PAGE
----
Qualcomm Research Center in San Diego, California.
Qualcomm Incorporated is an American global semiconductor company that designs and markets wireless telecommunications products and services. Headquartered in San Diego, California, USA, the company has 157 worldwide locations. The parent company is Qualcomm Incorporated (Qualcomm), which includes the Qualcomm Technology Licensing Division (QTL). Qualcomm's wholly owned subsidiary, Qualcomm Technologies, Inc. (QTI), operates substantially all of Qualcomm's R&D activities, as well as its product and services businesses, including its semiconductor business, Qualcomm CDMA Technologies.
Qualcomm was founded in 1985 by MIT alumnus and UC San Diego professor Irwin M. Jacobs, USC MIT alumnus Andrew Viterbi, Harvey White, Adelia Coffman, Andrew Cohen, Klein Gilhousen, and Franklin Antonio. Jacobs and Viterbi had previously founded Linkabit. Qualcomm's first products and services included the OmniTRACS satellite locating and messaging service, used by long-haul trucking companies, developed from a product called Omninet owned by Parviz Nazarian and Neil Kadisha, and specialized integrated circuits for digital radio communications such as a Viterbi decoder.
In 1990, Qualcomm began the design of the first CDMA-based cellular base station, based upon calculations derived from the CDMA-based OmniTRACS satellite system. This work began as a study contract from AirTouch which was facing a shortage of cellular capacity in Los Angeles. Two years later Qualcomm began to manufacture CDMA cell phones, base stations, and chips. The initial base stations were not reliable and the technology was licensed wholly to Nortel in return for their work in improving the base station switching. The first CDMA technology was standardized as IS-95. Qualcomm has since helped to establish the CDMA2000, WCDMA and LTE cellular standards.
In 1991, Qualcomm acquired Eudora (email client), a PC mail client that could be used with the Omnitracs system. The acquisition also associated a widely-used email client with a company that was little-known at the time, Qualcomm.
In 1997, Qualcomm paid $18 million for the naming rights to the Jack Murphy Stadium in San Diego, renaming it to Qualcomm Stadium. The naming rights will belong to Qualcomm until 2017.
In 1999, Qualcomm sold its base station business to Ericsson, and later, sold its cell phone manufacturing business to Kyocera. The company was now focused on developing and licensing wireless technologies and selling ASICs that implement them.
In 2011, Qualcomm announced that Steve Mollenkopf has been promoted to president and chief operating officer of the company, effective November 12. Promoted to CEO on December 16, 2013.
CFO Bill Keitel retired and was replaced by Applied Materials CFO George Davis on March 11, 2013.
Vista Equity Partners took over the Omnitracs business from Qualcomm Incorporated in November 2013.
Qualcomm pioneered the commercialization of the cdmaOne (IS-95) standard for wireless cellular communications, following up with CDMA2000, an early standard for third-generation (3G) mobile.
Today, the company is the leading patent holder in advanced 3G mobile technologies, including CDMA2000 1xEV-DO and its evolutions; WCDMA and its higher-speed variant known as HSPA and its evolutions; and TD-SCDMA; as well as patents on 4G. The license streams from the patents on these inventions, and related products, are a major component of Qualcomm's business.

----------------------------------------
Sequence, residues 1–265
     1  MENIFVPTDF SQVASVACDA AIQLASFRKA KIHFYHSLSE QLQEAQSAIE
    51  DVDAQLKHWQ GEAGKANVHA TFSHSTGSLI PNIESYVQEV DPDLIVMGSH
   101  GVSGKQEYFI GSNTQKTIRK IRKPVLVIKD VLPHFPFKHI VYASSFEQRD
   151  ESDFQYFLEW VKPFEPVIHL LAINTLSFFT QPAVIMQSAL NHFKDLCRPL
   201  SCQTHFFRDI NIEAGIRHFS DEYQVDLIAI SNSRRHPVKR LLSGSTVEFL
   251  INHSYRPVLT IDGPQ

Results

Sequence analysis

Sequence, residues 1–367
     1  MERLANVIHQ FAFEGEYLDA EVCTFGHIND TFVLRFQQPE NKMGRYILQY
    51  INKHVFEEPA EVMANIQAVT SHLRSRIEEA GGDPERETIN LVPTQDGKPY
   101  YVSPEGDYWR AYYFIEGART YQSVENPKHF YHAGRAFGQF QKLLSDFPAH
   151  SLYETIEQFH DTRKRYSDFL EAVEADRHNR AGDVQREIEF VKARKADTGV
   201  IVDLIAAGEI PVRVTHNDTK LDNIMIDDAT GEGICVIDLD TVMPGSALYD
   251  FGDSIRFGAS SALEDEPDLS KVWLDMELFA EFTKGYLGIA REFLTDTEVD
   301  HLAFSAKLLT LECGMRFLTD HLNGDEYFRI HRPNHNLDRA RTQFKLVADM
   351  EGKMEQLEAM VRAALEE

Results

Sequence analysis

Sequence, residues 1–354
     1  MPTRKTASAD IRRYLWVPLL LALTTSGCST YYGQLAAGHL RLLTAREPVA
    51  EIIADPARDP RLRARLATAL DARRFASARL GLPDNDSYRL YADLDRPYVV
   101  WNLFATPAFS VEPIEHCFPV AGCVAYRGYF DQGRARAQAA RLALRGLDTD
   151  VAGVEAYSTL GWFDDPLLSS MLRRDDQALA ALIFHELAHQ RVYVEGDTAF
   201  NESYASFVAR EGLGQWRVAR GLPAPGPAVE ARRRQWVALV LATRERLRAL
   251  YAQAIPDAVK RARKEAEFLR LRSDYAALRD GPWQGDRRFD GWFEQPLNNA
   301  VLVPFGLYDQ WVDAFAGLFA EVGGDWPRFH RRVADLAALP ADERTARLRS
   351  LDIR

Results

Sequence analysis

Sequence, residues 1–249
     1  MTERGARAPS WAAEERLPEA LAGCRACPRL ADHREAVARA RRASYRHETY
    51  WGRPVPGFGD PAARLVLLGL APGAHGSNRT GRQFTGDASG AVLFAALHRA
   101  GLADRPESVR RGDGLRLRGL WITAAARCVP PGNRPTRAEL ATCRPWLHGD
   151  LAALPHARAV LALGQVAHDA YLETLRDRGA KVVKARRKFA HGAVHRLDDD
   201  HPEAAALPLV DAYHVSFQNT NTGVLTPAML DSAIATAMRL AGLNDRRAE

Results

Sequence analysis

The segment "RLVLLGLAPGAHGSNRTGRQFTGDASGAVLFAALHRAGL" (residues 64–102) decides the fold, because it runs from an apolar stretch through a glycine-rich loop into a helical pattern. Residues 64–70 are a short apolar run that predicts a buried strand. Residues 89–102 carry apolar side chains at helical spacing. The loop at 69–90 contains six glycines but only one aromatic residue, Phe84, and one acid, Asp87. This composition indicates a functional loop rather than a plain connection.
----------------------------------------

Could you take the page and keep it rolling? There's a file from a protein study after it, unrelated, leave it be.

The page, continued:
Beginning in 1991, Qualcomm participated in the development of the Globalstar satellite system along with Loral Space & Communications. It uses a low-earth orbit (LEO) satellite constellation consisting of 44 active satellites. The system is used for voice telephony via hand-held satellite phones, asset tracking and data transfer using mobile satellite modems. The system was designed as a normal IS-95 system, and used the satellite as a "bent pipe" or "repeater" to transfer cellular signals from the handset to the terrestrial base station. Unlike the Iridium system, which routes phone calls between satellites, the Globalstar satellite must always be able to see both the handset and the base station to establish a connection, therefore, there is no coverage over the Earth's poles where there are no satellite orbits. There is also no coverage in locations where the large Globalstar base stations are not in view (some locations in the south atlantic, for examples.) Some of the Globalstar hardware is manufactured by Qualcomm. Like other satellite phone networks Globalstar went bankrupt in 1999, only to be bought up by a group of investors who are currently running the system.
In April 2006, a dispute between Reliance Communications and Qualcomm over royalty fees cost Qualcomm approximately $11.7b in market capitalization. In July 2007, Reliance and Qualcomm decided to settle the matter and agreed to expand the use of CDMA technology in India.
In June 2007, the U.S. International Trade Commission blocked the import of new cell phone models based on particular Qualcomm microchips. They found that these Qualcomm microchips infringe patents owned by Broadcom. Broadcom has also initiated patent litigation in U.S. courts over this issue. At issue is software designed to extend battery life in chips while users make out-of-network calls. In October, an ITC administrative judge made an initial ruling that Qualcomm violated the Broadcom patent covering that feature and the commission later affirmed the decision. Sprint Nextel Corp. is using a software patch from Qualcomm to get around a U.S. government agency ban on new phones with Qualcomm chips. In August 2007, Judge Rudi Brewster held that Qualcomm had engaged in litigation misconduct by withholding relevant documents during the lawsuit it brought against Broadcom and that Qualcomm employees had lied about their involvement.